Abdominal obesity is an independent predictor of serum 25-hydroxyvitamin D deficiency in adults with cerebral palsy
Department of Physical Medicine and Rehabilitation, University of Michigan Health Systems, 325 E. Eisenhower Parkway, Suite 300, Ann Arbor, Michigan 48108, USA
Nutrition & Metabolism 2014, 11:22 doi:10.1186/1743-7075-11-22Published: 19 May 2014
Individuals with cerebral palsy (CP) are at risk for nutritional insufficiency. The purpose of the study was to examine the vitamin D status of adults with CP, and to evaluate the association between vitamin D and functional level, age, race, and anthropometric indicators of adiposity.
Serum vitamin D levels, BMI, waist circumference (WC), and functional level (measured by Gross Motor Function Classification System (GMFCS)) were examined in 112 adults with CP. Vitamin D status was assessed by serum 25-hydroxyvitamin D level (25(OH)D). The influence of motor impairment and adiposity on 25(OH)D were assessed using general linear modeling and logistic regression, with age, sex, race, and season as covariates.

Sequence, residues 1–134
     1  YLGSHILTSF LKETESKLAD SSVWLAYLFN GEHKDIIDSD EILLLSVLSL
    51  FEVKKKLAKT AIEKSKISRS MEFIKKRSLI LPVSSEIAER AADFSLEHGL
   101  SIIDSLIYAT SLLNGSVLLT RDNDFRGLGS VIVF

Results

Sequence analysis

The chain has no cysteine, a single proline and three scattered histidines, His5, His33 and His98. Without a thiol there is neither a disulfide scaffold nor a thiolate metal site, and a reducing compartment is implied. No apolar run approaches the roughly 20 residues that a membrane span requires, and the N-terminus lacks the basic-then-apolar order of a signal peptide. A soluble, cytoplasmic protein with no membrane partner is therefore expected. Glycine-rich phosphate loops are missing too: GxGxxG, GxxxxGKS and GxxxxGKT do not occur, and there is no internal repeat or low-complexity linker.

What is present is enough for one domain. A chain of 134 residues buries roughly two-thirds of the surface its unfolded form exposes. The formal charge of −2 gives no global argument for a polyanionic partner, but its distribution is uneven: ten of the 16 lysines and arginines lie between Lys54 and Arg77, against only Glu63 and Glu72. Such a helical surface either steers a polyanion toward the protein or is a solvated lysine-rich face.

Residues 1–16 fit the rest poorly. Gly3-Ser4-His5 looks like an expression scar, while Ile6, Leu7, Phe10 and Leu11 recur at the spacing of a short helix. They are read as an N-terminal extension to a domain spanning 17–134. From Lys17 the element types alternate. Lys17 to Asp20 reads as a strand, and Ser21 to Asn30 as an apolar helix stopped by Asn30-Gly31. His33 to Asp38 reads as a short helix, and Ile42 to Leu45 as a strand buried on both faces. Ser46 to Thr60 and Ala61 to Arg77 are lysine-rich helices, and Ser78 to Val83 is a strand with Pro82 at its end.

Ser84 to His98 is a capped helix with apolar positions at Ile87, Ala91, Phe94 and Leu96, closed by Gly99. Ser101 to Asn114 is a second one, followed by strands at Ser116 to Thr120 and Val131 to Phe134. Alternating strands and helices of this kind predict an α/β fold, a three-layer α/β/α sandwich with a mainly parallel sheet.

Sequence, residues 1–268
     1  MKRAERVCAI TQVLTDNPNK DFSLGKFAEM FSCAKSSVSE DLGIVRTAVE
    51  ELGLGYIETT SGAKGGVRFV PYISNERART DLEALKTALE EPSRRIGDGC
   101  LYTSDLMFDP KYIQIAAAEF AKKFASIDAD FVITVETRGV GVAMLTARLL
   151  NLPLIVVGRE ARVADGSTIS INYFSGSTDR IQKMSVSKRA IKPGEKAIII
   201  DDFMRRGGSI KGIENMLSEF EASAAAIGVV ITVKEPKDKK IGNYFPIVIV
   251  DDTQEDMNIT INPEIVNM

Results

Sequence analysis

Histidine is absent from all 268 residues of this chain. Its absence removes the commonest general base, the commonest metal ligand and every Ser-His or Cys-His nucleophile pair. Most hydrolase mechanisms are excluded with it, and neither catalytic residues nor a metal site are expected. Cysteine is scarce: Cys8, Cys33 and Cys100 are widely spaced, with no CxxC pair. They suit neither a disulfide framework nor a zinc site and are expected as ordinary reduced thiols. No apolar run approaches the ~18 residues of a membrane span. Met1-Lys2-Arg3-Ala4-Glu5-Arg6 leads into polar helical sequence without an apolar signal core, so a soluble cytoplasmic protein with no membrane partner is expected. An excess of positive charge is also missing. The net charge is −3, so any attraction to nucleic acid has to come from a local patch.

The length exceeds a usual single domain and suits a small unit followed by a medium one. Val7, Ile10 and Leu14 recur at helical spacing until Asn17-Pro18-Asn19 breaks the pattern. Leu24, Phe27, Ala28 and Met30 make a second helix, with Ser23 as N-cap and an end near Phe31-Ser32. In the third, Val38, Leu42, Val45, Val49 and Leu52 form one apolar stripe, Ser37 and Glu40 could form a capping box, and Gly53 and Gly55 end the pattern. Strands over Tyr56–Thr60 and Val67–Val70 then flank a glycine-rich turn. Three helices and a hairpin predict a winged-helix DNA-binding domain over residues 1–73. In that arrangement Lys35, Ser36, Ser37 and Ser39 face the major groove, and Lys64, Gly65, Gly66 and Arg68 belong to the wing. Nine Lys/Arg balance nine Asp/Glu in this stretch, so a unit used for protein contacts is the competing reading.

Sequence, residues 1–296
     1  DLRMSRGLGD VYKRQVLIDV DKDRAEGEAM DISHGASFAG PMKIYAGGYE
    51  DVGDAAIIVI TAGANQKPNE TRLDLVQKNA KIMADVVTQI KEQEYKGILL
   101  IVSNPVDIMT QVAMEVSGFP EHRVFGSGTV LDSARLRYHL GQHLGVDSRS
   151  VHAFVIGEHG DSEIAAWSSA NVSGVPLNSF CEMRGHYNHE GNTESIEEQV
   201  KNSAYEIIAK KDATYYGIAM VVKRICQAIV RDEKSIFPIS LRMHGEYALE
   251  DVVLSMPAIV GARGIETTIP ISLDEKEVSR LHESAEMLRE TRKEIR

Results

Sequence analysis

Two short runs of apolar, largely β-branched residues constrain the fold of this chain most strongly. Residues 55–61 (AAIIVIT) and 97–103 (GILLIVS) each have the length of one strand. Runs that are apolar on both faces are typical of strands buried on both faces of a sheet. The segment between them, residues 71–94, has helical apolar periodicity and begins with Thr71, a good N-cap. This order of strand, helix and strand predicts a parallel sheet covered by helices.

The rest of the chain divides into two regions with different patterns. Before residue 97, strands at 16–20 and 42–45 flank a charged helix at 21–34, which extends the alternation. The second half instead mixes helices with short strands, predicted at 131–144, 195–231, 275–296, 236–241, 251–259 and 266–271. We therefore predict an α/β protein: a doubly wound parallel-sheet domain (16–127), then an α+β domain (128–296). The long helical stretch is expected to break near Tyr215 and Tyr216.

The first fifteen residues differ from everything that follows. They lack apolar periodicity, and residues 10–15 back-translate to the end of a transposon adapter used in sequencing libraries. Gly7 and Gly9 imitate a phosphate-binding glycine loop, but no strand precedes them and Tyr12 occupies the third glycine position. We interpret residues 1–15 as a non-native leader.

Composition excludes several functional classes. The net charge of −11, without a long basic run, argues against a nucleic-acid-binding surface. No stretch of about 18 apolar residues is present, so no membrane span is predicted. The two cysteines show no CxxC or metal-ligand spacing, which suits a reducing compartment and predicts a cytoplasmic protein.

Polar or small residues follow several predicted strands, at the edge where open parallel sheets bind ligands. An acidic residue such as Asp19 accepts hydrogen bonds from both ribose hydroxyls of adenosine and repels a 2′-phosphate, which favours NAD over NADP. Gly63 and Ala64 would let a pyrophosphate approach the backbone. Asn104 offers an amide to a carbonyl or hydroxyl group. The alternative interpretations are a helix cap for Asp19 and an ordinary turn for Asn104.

Mean vitamin D was 28.1 ± 16.0 ng/ml. Only 45% of subjects had optimal levels of 25(OH)D, 21% were insufficient and 34% were deficient. Overweight or obesity was prevalent (52%), as was abdominal obesity in men (23.5% at 102 cm cutoff) and women (31.1% at 88 cm cutoff). There was a robust association between the indicator of visceral adiposity (WC) and 25(OH)D level (p <0.001), even after controlling for age, sex, race, season, and GMFCS. According to sex-specific WC cutoffs, the odds of being deficient in vitamin D increase by a factor of 3.5 (95% CI 1.12-11.0) for abdominal obesity. GMFCS was not associated with 25(OH)D.
Adults with CP are at risk for low vitamin D levels and overweight/obesity. Waist circumference is a strong independent predictor for low vitamin D levels.